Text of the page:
Development and differentiation of the mammary gland are dependent on the appropriate temporal expression of both systemically acting hormones and locally produced growth factors. A large body of evidence suggests that molecular crosstalk between these hormonal and growth factor axes is crucial for appropriate cell and tissue function. Two of the most important trophic factors involved in this process are the oestrogen (E) and insulin-like growth factor (IGF) molecular axes. The reciprocal crosstalk that exists between these pathways occurs at transcriptional/post-transcriptional and translational/post-translational levels regulate the expression and activity of genes involved in this process. In a clinical context an important consequence of such crosstalk in the mammary gland is the role which it may play in the aetiology, maintenance and development of breast tumours. Although oestradiol (E2) acting through oestrogen receptors α and β (ERα/β) is important for normal mammary gland function it can also provide a mitogenic drive to ER + breast tumours. Therefore over several years anti-oestrogen therapeutic regimens in the form of selective oestrogen receptor modulators (SERMs — e.g. tamoxifen), aromatase inhibitors (AI e.g. anastrozole) or selective oestrogen receptor down regulators (SERDs – e.g. fulvestrant) have been used in an adjuvant setting to control tumour growth. Although initial response is usually encouraging, large cohorts of patients eventually develop resistance to these treatments leading to tumour recurrence and poor prognosis. There are potentially many routes by which breast cancer (BC) cells could escape anti-oestrogen based therapeutic strategies and one of the most studied is the possible growth factor mediated activation of ER(s). Because of this, growth factor modulation of ER activity has been an intensively studied route of molecular crosstalk in the mammary gland. The insulin-like growth factors (IGF-1 and -2) are amongst the most potent mitogens for mammary epithelial cells and there is accumulating evidence that they interact with the E2 axis to regulate mitogenesis, apoptosis, adhesion, migration and differentiation of mammary epithelial cells. Such interactions are bi-directional and E2 has been shown to regulate the expression and activity of IGF axis genes with the general effect of sensitising breast epithelial cells to the actions of IGFs and insulin. In this short review we discuss the evidence for the involvement of crosstalk between the insulin-like growth factor (IGF) and oestrogen axes in the mammary gland and comment on the relevance of such studies in the aetiology and treatment of BC.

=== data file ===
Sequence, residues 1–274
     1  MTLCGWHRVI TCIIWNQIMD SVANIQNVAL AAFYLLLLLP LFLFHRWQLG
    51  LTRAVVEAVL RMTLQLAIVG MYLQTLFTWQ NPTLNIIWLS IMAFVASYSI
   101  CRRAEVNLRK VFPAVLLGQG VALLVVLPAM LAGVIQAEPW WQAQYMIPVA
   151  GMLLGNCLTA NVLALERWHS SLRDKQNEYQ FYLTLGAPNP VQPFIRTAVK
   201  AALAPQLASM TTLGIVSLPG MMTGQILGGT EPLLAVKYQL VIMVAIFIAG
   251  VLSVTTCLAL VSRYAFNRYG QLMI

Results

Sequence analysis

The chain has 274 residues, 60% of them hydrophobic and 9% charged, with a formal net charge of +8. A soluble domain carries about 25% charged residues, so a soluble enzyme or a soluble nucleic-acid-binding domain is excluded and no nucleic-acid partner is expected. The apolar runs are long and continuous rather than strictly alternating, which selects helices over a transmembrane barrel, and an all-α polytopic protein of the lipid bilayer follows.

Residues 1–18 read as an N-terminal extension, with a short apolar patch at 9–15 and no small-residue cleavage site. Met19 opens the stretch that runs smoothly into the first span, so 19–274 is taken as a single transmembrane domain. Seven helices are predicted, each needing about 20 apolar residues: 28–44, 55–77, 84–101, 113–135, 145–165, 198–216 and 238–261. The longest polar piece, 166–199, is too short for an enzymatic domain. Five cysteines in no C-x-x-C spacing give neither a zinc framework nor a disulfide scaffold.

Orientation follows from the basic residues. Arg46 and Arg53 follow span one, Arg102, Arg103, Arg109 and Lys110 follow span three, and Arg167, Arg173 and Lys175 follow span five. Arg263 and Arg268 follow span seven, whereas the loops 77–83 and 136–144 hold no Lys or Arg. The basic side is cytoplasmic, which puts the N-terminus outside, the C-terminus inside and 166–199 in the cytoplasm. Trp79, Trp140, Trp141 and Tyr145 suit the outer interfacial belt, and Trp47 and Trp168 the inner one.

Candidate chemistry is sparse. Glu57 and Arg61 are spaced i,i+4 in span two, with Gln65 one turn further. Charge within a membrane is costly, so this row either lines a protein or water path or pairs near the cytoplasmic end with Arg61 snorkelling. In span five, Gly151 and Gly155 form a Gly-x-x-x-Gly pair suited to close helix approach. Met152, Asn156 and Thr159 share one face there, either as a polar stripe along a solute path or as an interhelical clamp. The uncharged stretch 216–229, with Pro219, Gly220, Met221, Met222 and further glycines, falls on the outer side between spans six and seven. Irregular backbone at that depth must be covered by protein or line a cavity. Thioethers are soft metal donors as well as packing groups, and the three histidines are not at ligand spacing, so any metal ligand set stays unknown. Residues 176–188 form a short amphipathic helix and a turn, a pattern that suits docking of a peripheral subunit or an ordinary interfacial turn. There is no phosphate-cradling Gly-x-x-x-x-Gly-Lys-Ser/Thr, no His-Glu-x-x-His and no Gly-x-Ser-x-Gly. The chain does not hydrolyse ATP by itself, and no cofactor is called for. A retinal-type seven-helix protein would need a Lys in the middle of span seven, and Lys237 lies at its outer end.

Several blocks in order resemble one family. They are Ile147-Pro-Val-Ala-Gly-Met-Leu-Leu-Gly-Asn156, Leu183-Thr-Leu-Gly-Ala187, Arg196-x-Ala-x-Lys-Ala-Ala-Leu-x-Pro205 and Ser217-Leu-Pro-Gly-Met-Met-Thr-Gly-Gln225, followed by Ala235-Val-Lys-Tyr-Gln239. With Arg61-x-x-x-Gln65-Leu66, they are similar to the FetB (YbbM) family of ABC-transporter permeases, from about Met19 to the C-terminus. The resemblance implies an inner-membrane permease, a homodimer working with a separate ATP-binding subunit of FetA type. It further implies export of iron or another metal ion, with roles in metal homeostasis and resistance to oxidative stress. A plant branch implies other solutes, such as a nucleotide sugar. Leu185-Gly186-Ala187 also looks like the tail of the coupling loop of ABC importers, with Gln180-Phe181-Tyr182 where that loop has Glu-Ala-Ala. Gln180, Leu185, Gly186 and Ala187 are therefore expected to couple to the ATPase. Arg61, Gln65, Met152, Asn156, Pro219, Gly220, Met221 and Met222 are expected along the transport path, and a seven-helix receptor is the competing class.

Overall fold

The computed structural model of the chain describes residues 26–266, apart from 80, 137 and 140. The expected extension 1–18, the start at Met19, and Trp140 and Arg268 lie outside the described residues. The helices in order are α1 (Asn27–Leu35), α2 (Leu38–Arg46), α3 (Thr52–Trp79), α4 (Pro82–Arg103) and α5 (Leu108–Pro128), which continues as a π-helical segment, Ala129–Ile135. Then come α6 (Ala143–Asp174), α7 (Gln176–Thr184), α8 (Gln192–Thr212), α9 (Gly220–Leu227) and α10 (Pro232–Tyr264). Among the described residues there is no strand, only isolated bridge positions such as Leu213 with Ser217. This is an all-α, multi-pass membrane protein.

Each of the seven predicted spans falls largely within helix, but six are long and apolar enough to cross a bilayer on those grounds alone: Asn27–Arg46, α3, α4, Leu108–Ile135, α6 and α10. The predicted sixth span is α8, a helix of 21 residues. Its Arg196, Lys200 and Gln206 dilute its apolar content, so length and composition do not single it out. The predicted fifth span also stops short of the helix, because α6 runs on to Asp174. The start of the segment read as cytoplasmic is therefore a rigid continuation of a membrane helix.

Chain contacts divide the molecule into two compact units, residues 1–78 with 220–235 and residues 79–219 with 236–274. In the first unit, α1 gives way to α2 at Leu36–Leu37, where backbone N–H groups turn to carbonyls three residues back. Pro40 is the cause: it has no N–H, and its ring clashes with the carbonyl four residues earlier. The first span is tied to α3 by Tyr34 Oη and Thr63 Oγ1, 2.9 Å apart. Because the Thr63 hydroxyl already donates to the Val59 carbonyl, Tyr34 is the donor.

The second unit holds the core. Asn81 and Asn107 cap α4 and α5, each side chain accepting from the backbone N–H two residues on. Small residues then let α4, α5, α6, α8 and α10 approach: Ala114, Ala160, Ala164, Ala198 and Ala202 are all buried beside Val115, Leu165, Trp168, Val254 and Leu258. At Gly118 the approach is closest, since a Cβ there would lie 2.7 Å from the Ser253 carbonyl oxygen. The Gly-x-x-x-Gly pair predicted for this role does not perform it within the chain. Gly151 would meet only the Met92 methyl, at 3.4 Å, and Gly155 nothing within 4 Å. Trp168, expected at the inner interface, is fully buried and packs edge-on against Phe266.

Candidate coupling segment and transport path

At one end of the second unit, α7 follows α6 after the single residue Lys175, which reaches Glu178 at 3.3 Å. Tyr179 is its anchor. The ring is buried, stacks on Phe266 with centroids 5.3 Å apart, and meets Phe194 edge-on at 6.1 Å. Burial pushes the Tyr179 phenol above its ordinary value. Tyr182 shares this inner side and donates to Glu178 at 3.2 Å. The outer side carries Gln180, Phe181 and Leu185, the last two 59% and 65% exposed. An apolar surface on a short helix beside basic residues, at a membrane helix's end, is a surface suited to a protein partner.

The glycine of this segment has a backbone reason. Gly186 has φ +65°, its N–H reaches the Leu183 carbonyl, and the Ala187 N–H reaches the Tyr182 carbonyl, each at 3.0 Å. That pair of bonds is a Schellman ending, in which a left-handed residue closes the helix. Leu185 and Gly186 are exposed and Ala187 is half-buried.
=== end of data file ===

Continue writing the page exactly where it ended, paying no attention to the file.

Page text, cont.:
Keywords: Insulin-like growth factor; Oestradiol; Breast cancer; Endocrine resistance;